The exposure times calculated by NightLandscape 4 are only strictly correct when the moon is at least 35 degrees of arc above the horizon. The reason for this is that the light from celestial objects (stars and planets) must pass through the earth's atmosphere in order to reach us. When a celestial object is positioned close to the horizon in the sky, the light must pass through more of the atmosphere along the way. Since the atmosphere absorbs a portion of the light passing through it (through interaction of the light with molecules in the air), the greater the path through the atmosphere, the greater the amount of light absorbed, and the dimmer the object appears. Astronomers call this effect atmospheric attenuation (or atmospheric extinction) , and go to great lengths to avoid it. I have made tests to determine the amount of darkening this effect has on incident moonlight, which you can read about here . I incorporated this information into a version of NightLandscape (4.1b), but lately have begun to rely on corrections based on more accurate methods from the scientific literature. NightLandscape 5 will incorporate a full three-factor atmospheric scattering model.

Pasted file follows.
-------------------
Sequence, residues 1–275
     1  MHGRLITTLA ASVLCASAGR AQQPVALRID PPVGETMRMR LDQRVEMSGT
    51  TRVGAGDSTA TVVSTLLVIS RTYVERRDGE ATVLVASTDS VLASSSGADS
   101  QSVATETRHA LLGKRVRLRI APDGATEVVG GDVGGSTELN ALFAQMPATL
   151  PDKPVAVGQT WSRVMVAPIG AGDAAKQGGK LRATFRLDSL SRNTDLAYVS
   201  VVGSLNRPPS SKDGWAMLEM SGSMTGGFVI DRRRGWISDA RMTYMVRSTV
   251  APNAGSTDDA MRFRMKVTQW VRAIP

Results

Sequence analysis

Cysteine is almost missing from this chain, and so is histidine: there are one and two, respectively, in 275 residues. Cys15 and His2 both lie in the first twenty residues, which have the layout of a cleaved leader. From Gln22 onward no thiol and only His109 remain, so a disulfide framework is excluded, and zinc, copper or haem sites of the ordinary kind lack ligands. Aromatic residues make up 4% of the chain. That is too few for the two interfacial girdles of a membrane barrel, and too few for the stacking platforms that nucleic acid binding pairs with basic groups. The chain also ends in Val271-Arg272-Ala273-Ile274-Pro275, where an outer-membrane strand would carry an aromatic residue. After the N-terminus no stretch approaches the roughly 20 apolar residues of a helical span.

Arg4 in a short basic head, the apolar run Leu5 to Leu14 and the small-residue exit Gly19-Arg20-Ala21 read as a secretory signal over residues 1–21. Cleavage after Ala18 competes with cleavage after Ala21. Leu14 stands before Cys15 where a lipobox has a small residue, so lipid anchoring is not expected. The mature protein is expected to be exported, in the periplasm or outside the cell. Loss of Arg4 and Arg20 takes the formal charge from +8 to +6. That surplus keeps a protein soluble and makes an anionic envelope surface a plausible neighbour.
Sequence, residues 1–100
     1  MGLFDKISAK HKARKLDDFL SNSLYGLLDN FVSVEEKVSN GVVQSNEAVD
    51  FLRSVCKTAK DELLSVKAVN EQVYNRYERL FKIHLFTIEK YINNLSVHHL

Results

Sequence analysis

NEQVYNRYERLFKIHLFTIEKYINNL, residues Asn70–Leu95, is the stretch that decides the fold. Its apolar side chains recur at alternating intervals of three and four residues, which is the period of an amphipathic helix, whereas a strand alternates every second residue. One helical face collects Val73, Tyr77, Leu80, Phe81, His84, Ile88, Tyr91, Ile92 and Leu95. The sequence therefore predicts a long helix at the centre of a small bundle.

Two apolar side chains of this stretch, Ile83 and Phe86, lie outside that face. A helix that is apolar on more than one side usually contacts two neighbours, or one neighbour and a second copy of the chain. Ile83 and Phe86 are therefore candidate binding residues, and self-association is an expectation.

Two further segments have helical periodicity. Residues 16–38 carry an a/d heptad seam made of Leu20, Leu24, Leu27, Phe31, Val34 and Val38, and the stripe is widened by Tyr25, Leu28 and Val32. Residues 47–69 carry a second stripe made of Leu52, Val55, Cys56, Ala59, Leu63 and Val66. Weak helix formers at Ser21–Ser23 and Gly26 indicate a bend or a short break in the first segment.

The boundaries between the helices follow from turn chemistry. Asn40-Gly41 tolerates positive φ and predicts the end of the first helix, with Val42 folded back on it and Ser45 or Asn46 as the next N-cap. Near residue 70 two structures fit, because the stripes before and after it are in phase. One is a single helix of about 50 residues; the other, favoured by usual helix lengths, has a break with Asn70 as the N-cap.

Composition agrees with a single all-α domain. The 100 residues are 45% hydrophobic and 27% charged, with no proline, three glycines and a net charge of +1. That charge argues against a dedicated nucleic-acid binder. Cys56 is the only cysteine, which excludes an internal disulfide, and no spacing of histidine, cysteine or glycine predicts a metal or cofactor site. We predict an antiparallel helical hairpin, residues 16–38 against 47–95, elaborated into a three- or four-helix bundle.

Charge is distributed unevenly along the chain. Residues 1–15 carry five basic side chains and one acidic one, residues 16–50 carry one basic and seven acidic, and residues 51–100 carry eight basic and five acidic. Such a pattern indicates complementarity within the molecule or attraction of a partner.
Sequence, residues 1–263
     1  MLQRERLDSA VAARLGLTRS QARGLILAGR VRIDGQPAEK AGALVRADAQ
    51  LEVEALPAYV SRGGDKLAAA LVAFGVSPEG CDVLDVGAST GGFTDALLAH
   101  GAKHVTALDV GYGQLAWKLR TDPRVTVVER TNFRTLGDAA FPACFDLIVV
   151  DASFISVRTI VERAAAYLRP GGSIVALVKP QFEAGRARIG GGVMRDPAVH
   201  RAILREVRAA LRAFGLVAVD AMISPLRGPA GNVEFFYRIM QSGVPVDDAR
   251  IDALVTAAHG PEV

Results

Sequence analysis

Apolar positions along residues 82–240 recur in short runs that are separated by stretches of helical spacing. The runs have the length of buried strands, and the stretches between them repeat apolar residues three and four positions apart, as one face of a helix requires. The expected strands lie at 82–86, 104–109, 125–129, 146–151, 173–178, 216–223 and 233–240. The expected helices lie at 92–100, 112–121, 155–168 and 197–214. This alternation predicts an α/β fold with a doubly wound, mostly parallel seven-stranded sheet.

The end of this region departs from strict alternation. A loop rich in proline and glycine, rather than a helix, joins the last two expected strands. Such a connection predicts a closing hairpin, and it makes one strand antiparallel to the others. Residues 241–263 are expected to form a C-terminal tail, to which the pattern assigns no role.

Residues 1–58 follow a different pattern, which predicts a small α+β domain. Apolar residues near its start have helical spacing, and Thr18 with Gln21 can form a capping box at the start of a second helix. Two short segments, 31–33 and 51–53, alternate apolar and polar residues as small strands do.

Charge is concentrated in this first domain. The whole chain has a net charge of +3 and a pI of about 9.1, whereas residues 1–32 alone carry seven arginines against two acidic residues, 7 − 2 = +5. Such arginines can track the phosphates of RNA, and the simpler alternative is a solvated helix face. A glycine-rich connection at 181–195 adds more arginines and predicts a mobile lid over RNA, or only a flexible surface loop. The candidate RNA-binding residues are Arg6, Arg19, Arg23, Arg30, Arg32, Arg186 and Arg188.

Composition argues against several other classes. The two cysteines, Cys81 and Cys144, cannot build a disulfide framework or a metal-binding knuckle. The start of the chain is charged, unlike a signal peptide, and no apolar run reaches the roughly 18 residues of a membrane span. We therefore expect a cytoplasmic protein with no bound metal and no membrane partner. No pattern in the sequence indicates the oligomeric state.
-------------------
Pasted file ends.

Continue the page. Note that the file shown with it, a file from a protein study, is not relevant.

Besides the conventional reasons for using less-than maximum lens aperture (optimizing depth of field and lens sharpness), selecting the aperture for use in a moonlight photograph can also be used to balance the exposure obtained by moving lights (automobile lights, airplanes) relative to the moonlight exposure. With a moving object, use of a wider lens aperture allows more light to be recorded on the film. Thus if a dim moving object is an element in the photograph, a relatively wide aperture can be used, while a small aperture can give an equivalent result for a brighter light in motion. In either case, the exposure time is adjusted to obtain the same ambient moonlight exposure. Thus the relative brightness between moving and still objects can be easily controlled.